MOUNT_MSDOS(8) BSD System Manager's Manual MOUNT_MSDOS(8)
mount_msdos -- mount an MS-DOS file system
mount_msdos [-o options] [-u uid] [-g gid] [-m mask] [-s] [-l] [-9]
[-L locale] [-W table] special node
The mount_msdos command attaches the MS-DOS filesystem residing on the
device special to the global filesystem namespace at the location indi-
cated by node. This command is normally executed by mount(8) at boot
time, but can be used by any user to mount an MS-DOS file system on any
directory that they own (provided, of course, that they have appropriate
access to the device that contains the file system).
The options are as follows:
Use the specified mount options, as described in mount(8), or one
of the MSDOS filesystem-specific options shortnames, longnames or
nowin95, all of which can be used to affect Windows name transla-
tion in the underlying filesystem.
-u uid Set the owner of the files in the file system to uid. The
default owner is the owner of the directory on which the file
system is being mounted.
-g gid Set the group of the files in the file system to gid. The
default group is the group of the directory on which the file
system is being mounted.
Specify the maximum file permissions for files in the file sys-
tem. (For example, a mask of 755 specifies that, by default, the
owner should have read, write, and execute permissions for files,
but others should only have read and execute permissions. See
chmod(1) for more information about octal file modes.) Only the
nine low-order bits of mask are used. The default mask is taken
from the directory on which the file system is being mounted.
-s Force behaviour to ignore and not generate Win'95 long filenames.
-l Force listing and generation of Win'95 long filenames and sepa-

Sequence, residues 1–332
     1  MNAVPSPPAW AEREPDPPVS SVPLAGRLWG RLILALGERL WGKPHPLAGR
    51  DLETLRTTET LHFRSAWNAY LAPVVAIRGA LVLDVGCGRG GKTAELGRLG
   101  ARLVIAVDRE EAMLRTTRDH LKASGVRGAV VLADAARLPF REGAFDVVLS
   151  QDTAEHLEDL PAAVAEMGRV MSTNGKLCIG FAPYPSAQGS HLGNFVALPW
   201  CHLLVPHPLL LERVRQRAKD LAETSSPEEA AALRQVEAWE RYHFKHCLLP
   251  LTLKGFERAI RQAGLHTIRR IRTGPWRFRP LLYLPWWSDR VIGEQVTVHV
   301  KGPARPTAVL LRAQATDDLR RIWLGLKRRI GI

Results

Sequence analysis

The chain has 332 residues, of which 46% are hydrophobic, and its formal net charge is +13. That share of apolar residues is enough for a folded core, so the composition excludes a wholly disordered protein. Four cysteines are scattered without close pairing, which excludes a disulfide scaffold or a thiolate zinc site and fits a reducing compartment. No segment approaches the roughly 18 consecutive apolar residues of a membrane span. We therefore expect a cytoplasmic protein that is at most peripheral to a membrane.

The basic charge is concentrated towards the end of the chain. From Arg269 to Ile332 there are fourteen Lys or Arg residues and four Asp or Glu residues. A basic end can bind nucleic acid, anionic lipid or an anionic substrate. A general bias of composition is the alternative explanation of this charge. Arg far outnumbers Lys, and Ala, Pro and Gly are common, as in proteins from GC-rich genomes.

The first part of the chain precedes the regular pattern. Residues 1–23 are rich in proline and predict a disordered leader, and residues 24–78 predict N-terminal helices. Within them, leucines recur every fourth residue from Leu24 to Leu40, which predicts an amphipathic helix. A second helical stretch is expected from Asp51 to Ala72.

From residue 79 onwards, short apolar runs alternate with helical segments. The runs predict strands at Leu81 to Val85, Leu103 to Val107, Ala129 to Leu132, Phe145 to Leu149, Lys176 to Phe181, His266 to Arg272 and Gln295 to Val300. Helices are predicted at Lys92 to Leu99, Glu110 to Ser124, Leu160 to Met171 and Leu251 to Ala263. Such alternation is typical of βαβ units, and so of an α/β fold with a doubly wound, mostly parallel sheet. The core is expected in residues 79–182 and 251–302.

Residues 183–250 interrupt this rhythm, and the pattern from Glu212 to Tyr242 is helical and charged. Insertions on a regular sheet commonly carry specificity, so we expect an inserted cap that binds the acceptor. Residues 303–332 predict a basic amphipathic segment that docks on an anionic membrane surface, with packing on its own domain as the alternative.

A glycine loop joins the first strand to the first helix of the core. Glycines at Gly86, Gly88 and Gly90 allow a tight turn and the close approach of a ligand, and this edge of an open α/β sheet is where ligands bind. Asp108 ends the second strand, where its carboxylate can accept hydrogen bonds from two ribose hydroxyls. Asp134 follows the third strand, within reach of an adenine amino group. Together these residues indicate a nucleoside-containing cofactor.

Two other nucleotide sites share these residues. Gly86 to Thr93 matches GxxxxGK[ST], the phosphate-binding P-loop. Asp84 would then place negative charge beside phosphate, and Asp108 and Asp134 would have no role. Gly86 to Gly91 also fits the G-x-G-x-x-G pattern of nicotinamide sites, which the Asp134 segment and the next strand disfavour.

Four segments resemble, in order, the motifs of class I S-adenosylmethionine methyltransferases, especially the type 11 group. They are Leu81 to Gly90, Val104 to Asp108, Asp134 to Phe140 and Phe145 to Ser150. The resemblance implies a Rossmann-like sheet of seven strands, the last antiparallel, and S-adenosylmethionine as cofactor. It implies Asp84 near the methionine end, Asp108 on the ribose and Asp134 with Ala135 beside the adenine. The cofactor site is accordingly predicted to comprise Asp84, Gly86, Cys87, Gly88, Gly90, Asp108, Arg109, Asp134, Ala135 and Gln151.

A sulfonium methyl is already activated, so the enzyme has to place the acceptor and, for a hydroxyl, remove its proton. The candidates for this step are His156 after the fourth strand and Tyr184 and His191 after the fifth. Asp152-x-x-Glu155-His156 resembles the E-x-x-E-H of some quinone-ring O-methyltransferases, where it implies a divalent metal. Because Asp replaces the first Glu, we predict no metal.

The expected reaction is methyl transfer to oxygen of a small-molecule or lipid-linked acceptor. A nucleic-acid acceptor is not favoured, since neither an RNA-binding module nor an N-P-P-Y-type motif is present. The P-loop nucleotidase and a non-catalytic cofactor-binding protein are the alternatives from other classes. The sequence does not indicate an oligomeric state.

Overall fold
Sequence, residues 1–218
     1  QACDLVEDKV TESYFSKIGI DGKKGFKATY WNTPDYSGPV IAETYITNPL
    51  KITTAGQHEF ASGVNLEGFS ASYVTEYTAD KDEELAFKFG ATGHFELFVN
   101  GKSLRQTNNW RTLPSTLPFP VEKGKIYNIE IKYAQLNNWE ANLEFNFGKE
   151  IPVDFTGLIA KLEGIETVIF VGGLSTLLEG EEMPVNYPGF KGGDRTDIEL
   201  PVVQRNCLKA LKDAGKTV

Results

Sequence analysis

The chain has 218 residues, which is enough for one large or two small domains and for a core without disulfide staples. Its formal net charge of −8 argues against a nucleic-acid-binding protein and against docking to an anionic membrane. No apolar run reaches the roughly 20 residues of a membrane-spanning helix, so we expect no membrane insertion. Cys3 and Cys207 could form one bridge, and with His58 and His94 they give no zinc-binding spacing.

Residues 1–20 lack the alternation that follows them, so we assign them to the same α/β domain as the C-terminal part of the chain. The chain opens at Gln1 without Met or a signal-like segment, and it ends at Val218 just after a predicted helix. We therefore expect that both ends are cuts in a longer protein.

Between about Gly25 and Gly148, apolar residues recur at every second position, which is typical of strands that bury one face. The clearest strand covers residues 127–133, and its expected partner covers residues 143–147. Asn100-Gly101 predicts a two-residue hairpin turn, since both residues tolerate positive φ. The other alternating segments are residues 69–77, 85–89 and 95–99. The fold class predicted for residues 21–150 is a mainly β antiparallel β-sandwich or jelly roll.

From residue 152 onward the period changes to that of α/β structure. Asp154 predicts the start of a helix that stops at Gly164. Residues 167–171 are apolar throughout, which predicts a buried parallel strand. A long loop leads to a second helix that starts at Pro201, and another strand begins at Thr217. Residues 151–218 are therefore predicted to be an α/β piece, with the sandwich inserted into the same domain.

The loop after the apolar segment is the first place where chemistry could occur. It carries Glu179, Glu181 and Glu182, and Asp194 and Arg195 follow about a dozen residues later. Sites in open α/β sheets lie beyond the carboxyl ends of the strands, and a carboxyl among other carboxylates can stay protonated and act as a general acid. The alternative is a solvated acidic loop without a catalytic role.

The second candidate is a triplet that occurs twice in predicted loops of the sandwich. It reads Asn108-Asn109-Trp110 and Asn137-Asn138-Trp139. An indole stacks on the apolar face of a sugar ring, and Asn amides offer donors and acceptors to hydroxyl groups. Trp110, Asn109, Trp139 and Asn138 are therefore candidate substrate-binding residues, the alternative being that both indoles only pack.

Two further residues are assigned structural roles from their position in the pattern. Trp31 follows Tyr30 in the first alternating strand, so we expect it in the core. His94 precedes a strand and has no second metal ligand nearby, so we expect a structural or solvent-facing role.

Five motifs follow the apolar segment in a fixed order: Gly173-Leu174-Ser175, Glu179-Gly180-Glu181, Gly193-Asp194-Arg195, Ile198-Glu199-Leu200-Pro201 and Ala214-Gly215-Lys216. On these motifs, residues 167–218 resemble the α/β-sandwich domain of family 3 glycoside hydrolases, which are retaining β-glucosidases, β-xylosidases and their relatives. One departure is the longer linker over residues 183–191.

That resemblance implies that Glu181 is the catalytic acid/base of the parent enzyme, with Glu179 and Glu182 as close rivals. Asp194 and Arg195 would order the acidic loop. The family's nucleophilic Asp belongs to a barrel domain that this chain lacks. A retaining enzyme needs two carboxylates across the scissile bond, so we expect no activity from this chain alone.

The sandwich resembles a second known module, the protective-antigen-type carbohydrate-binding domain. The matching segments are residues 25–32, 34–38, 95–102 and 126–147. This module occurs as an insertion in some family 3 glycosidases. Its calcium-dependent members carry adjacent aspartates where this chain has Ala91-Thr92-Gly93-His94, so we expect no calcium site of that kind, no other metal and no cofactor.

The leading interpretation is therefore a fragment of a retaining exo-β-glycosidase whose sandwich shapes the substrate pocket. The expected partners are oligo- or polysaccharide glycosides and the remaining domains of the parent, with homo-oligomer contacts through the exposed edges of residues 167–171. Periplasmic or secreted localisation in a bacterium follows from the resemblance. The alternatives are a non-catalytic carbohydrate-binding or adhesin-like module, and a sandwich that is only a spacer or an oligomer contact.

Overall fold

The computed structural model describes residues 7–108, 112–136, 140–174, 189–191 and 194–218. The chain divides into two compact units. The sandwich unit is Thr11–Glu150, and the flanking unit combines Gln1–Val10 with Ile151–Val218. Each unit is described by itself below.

rate creation/modification/access dates.
If neither -s nor -l are given, mount_msdos searches the root
directory of the filesystem to be mounted for any existing Win'95
long filenames. If no such entries are found, but short DOS
filenames are found, -s is the default. Otherwise -l is assumed.
-9 Ignore the special Win'95 directory entries even if deleting or
renaming a file. This forces -s.
Specify locale name used for internal uppercase and lowercase
conversions for DOS and Win'95 names. By default ISO 8859-1
assumed as local character set.
Specify text file with 3 conversion tables:
1. Local character set to Unicode conversion table (upper half)
for Win'95 long names, 128 Unicode codes separated by 8 per
row. If some code not present in Unicode, use 0x003F code
('?') as replacement.
2. DOS to local character set conversion table (upper half) for
DOS names, 128 character codes separated by 8 per row. Code
0x3F ('?') used for impossible translations.
3. Local character set to DOS conversion table (upper half) for
DOS names, 128 character codes separated by 8 per row. Some
codes have special meaning:
0x00 character disallowed in DOS file name;
0x01 character should be replaced by '_' in DOS file
0x02 character should be skipped in DOS file name;
By default ISO 8859-1 assumed as local character set. If file
path isn't absolute, /usr/libdata/msdosfs/ prefix prepended.
/usr/libdata/msdosfs default place for character sets conversion tables
mount(2), unmount(2), fstab(5), mount(8)
The use of the -9 flag could result in damaged filesystems, albeit the
damage is in part taken care of by procedures similar to the ones used in
FreeBSD 2.1 and earlier versions could not handle cluster sizes larger
than 16K. Just mounting an MS-DOS file system could cause corruption to
any mounted file system. Cluster sizes larger than 16K are unavoidable
for file system sizes larger than 1G, and also occur when filesystems
larger than 1G are shrunk to smaller than 1G using FIPS.
The mount_msdos utility first appeared in FreeBSD 2.0. Its predecessor,
the mount_pcfs utility appeared in FreeBSD 1.0, and was abandoned in
favor of the more aptly-named mount_msdos.
BSD April 7, 1994 BSD